Open Think Tank Late Breakfast
Saturday 11 January, 11am-1pm
(free event no booking necessary)
Bargehouse, Oxo Tower Wharf
London SE1 9PH
As artists in residence throughout Republic of the Moon at Bargehouse, Oxo Tower Wharf on London's South Bank in early 2014. Hagen Betzwieser (Germany) and Sue Corke (UK) will consider religious, political and economic approaches to colonising the moon.
Round table discussion about the concept of moon colonisation, asking: "Should We Colonise the Moon?". What's the future for the Moon - theme park or quarry?
The discussion may act as the stimulus for further dialogue between participants later on in Republic of the Moon. It may be the seed of revolution, or the binding of consensus - the initiation of a movement towards rebellion or treatise. On the panel are representatives of science, politics, theology, philosophy, and art.
- Benedict Singleton describes himself as a strategist with a background in design and philosophy. He is the author of the forthcoming book The Long Con, an alternative history of design, and regularly writes on the politics and philosophy of technology for publications including Architectural Design and E-Flux. He has lectured at the Architectural Association, the Royal College of Art, the Bartlett School of Architecture, and internationally. His 2013 essay for E-Flux on space travel, Maximum Jailbreak, considers the earth as a trap, and asserts that the common project of philosophy, economics and design should be the formulation of the means to escape from it."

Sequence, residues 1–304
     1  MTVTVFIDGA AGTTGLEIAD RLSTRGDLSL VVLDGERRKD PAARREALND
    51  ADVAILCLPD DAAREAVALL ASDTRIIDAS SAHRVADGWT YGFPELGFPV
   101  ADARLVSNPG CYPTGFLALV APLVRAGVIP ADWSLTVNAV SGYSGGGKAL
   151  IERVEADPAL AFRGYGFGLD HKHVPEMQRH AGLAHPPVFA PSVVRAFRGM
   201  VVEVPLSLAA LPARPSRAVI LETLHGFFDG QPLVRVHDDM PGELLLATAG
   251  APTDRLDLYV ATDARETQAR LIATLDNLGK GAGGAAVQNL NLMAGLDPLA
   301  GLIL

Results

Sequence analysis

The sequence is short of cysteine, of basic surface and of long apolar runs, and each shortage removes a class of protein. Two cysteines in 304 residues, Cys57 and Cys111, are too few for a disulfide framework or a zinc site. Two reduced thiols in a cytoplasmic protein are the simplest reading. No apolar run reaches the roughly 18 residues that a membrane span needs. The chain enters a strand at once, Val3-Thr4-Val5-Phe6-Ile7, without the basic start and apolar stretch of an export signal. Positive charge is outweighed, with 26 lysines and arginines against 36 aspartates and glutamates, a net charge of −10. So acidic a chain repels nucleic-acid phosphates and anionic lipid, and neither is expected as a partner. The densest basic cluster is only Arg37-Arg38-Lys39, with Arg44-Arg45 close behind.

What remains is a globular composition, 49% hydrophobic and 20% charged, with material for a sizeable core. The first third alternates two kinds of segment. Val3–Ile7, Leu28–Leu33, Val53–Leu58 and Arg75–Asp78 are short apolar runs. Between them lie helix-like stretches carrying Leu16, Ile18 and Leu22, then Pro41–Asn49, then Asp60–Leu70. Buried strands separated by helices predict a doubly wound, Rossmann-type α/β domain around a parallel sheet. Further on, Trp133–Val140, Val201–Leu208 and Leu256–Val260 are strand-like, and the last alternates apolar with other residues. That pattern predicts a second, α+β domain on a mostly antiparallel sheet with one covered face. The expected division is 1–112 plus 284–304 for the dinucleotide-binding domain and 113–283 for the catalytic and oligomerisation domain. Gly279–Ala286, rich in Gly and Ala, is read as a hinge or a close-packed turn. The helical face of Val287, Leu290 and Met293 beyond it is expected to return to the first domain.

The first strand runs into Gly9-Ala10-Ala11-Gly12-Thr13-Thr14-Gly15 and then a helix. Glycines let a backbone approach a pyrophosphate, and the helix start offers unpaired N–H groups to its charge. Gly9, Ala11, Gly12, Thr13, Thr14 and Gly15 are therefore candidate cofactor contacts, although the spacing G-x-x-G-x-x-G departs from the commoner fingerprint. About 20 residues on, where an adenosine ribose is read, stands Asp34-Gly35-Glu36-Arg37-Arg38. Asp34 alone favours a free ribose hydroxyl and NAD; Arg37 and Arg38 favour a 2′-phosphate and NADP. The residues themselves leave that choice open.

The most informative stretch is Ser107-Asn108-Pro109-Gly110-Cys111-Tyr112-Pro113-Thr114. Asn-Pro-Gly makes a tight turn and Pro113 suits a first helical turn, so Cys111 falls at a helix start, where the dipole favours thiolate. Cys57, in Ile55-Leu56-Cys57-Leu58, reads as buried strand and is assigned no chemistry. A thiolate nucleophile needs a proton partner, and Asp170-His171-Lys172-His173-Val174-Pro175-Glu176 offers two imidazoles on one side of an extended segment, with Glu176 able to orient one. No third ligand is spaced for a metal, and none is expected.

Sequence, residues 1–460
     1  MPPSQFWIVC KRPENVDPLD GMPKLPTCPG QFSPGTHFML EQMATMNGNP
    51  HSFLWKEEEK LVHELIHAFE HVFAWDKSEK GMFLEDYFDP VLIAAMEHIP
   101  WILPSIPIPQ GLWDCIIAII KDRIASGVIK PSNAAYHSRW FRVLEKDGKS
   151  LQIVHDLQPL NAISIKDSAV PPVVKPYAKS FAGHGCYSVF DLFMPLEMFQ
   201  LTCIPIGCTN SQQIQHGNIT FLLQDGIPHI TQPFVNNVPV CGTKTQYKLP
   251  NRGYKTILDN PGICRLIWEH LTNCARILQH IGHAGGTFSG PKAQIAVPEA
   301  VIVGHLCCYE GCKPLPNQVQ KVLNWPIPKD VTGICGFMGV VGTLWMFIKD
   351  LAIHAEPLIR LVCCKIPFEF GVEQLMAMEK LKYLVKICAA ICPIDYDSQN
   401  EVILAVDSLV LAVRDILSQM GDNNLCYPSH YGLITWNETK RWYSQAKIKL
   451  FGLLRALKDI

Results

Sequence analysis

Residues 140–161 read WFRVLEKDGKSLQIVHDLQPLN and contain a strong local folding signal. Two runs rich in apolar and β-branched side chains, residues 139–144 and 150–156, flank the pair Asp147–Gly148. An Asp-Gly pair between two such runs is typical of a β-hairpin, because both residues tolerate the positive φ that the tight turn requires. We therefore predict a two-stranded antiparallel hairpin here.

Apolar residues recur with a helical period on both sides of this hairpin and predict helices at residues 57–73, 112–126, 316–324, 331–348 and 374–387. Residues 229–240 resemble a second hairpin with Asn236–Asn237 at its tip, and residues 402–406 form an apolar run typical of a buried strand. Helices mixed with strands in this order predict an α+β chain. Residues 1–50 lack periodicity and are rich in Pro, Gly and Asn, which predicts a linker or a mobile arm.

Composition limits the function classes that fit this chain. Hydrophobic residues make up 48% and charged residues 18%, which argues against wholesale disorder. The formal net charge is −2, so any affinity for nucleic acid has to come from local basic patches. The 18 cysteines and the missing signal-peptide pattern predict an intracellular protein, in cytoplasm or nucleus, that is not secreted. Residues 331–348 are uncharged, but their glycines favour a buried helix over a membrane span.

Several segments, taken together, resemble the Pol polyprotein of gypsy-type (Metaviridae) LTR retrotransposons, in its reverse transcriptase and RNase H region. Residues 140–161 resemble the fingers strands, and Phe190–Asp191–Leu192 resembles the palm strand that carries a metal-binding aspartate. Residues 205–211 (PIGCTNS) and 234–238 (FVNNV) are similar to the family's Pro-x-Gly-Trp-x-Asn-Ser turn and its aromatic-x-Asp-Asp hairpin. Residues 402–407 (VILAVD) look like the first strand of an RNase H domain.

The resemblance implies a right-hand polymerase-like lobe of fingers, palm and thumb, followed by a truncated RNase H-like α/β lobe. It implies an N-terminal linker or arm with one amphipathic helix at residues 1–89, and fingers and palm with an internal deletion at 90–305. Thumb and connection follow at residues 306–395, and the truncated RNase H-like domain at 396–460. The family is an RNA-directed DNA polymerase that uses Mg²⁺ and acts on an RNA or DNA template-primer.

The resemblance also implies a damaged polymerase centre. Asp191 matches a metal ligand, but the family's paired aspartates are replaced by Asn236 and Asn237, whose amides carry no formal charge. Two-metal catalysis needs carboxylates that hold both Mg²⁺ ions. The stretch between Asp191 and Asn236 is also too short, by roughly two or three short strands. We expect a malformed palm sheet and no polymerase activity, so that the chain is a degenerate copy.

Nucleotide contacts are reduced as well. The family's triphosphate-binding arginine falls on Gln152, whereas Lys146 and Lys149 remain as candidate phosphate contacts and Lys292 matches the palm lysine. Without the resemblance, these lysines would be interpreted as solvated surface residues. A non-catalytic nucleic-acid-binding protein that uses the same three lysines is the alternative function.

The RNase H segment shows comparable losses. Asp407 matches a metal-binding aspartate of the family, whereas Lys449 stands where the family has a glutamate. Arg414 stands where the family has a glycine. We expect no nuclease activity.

- Ian Crawford is Professor of Planetary Science and Astrobiology at Birkbeck College, University of London. His research is mainly concerned with lunar science and exploration, and he has a significant interest in the future of space exploration. He is currently Senior Secretary of the Royal Astronomical Society and a member of the Space Sciences Committee of the European Science Foundation. In 2003 he was a member of the European Space Agency's Human Spaceflight Vision Group, which recommended that ESA participates in establishing an international moon base. He believes that space exploration should be an international, global, activity that can act as a unifying endeavour for humanity."
- Rev Dr Jeremy Law is the Dean of Chapel for Canterbury Christ Church University. He conducts theological research at the Department of Theology & Religious Studies. In 2013, he gave a lecture at Canterbury on The Redemption of Evolution at the conference on Wildlife and Society: Challenges for a Shared Future. The conference promoted the discussion of issues related to the relationships between people and wildlife in the context of sustainable living, education and professional development for a shared future.